Sweet, spicy yet fruity, with a dry balsamic peppery back note
Pink pepper is botanically unrelated to black pepper, but is used in many of the same ways as both a spice and essential oil. The essential oil has a sweeter note to it than the more traditional black pepper oil, and can be used interchangeably in most aromatherapy and perfumery blends. In aromatherapy, pepper essential oils are used for a variety of digestive and circulatory complaints.
1/2 oz. and 1 oz. essential oils are packaged in amber glass bottles with drop reducers for easy application. Larger sizes are packaged in amber screw cap bottles and do not come with reducers or droppers.
Β-Myrcene, α-Phellandrene, ρ-Cymene, Limonene, Β-Plellandrene
Blends Well With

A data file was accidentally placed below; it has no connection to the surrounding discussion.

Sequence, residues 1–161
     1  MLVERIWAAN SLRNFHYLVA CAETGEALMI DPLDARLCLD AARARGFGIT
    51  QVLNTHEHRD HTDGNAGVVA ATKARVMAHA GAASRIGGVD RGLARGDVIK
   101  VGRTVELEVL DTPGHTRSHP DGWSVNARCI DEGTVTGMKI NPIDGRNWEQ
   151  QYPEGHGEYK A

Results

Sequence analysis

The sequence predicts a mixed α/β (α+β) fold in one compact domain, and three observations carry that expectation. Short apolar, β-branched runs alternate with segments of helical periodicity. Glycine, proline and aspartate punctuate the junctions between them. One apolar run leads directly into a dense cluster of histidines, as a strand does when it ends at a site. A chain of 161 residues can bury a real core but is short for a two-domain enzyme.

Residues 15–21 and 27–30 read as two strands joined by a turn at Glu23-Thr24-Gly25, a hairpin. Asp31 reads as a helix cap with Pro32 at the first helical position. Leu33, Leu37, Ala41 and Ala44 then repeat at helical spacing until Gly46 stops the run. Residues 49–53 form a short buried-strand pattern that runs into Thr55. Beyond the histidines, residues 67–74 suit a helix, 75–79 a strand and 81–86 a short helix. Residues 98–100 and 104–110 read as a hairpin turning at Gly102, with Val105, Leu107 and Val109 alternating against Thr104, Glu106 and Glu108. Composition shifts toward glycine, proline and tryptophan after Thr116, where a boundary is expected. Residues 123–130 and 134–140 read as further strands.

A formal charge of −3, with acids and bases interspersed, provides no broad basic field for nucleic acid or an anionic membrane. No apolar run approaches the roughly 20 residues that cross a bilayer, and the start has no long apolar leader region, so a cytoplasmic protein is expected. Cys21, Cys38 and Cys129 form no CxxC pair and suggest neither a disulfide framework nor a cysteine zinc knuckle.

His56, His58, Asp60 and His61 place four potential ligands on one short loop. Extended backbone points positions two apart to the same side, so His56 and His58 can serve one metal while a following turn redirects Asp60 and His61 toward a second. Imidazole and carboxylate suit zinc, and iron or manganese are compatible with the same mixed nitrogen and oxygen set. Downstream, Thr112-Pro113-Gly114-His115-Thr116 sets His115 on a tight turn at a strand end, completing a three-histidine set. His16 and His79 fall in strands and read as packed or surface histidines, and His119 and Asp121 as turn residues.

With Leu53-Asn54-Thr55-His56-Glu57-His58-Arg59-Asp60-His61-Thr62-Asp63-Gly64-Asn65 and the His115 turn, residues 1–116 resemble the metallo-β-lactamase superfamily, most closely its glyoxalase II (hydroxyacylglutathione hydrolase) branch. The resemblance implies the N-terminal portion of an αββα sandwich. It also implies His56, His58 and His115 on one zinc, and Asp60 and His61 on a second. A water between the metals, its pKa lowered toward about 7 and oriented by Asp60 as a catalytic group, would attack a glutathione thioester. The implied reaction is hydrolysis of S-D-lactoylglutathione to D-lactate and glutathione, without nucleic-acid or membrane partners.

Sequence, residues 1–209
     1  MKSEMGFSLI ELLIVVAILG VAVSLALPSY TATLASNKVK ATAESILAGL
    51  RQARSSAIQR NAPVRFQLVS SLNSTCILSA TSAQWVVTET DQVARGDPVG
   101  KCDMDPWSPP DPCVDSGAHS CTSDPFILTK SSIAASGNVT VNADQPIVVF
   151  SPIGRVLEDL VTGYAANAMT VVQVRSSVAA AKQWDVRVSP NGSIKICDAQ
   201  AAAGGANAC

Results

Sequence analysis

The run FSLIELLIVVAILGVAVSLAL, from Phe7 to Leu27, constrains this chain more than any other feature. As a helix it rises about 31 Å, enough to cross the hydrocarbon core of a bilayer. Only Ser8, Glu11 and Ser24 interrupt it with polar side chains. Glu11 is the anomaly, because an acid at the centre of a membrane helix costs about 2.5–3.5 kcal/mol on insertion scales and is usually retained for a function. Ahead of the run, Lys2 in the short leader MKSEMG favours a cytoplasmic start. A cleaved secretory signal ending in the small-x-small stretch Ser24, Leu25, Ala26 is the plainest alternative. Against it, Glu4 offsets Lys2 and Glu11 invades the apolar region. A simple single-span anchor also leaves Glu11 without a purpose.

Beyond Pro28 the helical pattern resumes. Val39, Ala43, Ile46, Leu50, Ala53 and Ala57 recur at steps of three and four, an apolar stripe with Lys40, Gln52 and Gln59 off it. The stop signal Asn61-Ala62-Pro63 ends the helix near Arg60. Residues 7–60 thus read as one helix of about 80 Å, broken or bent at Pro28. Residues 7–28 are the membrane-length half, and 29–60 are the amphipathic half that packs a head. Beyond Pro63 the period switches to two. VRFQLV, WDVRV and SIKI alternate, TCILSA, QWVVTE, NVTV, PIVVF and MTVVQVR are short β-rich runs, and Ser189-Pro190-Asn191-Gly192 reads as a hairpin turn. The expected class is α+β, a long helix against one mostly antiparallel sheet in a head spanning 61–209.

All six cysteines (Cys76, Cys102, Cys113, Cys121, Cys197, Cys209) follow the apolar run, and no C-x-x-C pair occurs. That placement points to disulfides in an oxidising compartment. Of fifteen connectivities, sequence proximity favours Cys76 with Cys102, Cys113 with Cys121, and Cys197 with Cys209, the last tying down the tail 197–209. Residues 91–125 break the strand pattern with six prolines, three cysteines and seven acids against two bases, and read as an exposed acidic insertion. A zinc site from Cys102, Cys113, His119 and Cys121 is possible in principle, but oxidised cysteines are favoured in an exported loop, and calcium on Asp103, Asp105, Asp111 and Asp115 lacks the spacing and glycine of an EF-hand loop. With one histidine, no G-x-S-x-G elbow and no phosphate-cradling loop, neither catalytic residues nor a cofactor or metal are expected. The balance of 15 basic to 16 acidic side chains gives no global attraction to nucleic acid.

Black pepper, cardamom, carrot seed, citrus oils, clary sage, clove, frankincense, geranium, ginger, lavender, juniper, marjoram, myrrh, nutmeg, palo santo, rosemary, sage, sandalwood, tea tree, vetiver, yarrow, ylang ylang
There are two species of Schinus that are found on the market. Both are often referred to as Pink Pepper. Schinus molle, also known as Peruvian pepper, is mostly used to produce the essential oil. Schinus terebinthifolius, or Brazilian pepper, is found more often on the market as a whole dried berry.
Oil Specific: None known.
General: As with all essential oils, never use them undiluted, in eyes or mucus membranes. Do not take internally unless working with a qualified and expert practitioner. Keep away from children. If applying an essential oil to your skin always perform a small patch test to an insensitive part of the body (after you have properly diluted the oil in an appropriate carrier.
For educational purposes only. This information has not been evaluated by the Food and Drug Administration.
This information is not intended to diagnose, treat, cure, or prevent any disease.